by Lisa Chamoff
, Contributing Reporter | April 09, 2018
From the April 2018 issue of HealthCare Business News magazine
“I can identify areas in the Brainlab images that I want to navigate to or stay away from, and we’ll program the microscope to take me through the sequence of places that I’ve identified preoperatively,” Bederson says. “[We] … can either use what we’re seeing through the video feed or we can look at tractography from MRI scans. We can look at cranial nerves. We can say navigate away from this blood vessel that we can’t see yet, but we don’t want to get too close to it. Presumably, we’re going to get more control of what we do based on additional information.”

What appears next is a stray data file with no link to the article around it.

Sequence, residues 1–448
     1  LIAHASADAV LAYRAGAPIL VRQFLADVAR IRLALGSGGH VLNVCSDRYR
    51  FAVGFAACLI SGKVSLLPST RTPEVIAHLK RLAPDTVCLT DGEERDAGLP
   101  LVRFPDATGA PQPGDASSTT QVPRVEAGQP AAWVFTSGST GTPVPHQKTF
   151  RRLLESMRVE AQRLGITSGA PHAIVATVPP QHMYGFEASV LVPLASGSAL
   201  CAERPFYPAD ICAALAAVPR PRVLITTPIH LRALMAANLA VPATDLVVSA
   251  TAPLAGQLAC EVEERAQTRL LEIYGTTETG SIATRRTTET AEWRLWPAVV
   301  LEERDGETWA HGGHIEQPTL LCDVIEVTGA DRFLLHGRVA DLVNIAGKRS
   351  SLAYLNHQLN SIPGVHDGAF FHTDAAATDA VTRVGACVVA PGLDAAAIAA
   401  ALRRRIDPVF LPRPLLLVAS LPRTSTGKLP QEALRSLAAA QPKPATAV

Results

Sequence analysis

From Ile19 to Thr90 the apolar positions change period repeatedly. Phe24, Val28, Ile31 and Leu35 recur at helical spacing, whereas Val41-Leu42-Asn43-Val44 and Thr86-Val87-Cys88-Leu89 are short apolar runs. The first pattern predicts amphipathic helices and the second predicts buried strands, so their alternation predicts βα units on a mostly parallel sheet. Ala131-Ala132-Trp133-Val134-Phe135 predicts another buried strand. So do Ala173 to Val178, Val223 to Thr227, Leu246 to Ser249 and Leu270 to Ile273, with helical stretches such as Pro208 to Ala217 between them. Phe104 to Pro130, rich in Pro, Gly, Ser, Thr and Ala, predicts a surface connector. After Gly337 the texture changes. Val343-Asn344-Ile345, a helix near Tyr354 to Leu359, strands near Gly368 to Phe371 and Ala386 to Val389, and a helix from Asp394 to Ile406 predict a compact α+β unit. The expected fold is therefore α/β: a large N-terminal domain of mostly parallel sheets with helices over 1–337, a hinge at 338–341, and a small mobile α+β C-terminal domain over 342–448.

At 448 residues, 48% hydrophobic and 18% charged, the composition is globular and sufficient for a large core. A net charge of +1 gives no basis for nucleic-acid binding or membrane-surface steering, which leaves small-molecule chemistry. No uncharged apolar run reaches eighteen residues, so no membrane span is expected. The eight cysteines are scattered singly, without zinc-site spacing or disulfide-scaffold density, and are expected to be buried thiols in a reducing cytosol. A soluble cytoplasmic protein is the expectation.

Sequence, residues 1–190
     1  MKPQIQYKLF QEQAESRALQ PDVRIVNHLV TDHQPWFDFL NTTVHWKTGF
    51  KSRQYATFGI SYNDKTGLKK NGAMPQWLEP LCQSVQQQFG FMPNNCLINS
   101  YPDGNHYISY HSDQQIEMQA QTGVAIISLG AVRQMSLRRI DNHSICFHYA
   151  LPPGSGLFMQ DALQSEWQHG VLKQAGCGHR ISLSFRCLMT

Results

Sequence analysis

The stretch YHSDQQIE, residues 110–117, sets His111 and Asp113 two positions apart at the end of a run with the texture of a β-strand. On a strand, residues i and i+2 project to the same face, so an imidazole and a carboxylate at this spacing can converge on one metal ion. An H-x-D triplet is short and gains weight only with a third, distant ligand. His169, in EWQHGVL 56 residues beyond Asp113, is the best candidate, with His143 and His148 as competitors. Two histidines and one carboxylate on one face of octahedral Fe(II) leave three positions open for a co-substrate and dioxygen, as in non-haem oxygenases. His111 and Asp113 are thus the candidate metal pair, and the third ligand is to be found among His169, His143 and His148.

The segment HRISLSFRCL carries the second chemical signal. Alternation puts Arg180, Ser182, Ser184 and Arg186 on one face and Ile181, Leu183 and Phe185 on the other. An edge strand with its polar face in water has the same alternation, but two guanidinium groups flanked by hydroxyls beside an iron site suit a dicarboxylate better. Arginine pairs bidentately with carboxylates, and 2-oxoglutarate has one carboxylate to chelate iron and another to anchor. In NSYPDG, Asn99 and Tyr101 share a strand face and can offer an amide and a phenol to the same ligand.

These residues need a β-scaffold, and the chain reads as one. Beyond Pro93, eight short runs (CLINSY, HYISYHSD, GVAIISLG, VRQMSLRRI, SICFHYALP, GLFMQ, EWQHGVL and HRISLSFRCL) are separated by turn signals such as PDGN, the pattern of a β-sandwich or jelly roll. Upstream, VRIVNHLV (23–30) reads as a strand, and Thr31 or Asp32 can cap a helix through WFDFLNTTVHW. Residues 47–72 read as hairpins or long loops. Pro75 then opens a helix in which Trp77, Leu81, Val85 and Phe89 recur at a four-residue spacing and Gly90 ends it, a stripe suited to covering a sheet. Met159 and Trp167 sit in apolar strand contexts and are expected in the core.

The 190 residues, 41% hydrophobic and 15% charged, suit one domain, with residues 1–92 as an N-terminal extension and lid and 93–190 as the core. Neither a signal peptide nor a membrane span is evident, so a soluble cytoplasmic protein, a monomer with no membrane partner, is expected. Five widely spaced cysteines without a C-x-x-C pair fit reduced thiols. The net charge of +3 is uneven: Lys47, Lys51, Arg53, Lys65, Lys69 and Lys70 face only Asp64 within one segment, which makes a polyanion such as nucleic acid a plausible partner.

The ultimate goal of the technology – an advanced airplane, so to speak – is to make Bederson’s job less daunting.
“What we want to do is make it easier for the surgeon, to reduce the workload and bring some of this navigation and simulated information into the field of view in a way that allows us to keep flying the plane while getting that information,” Bederson says. “That’s really the next step of integration.”
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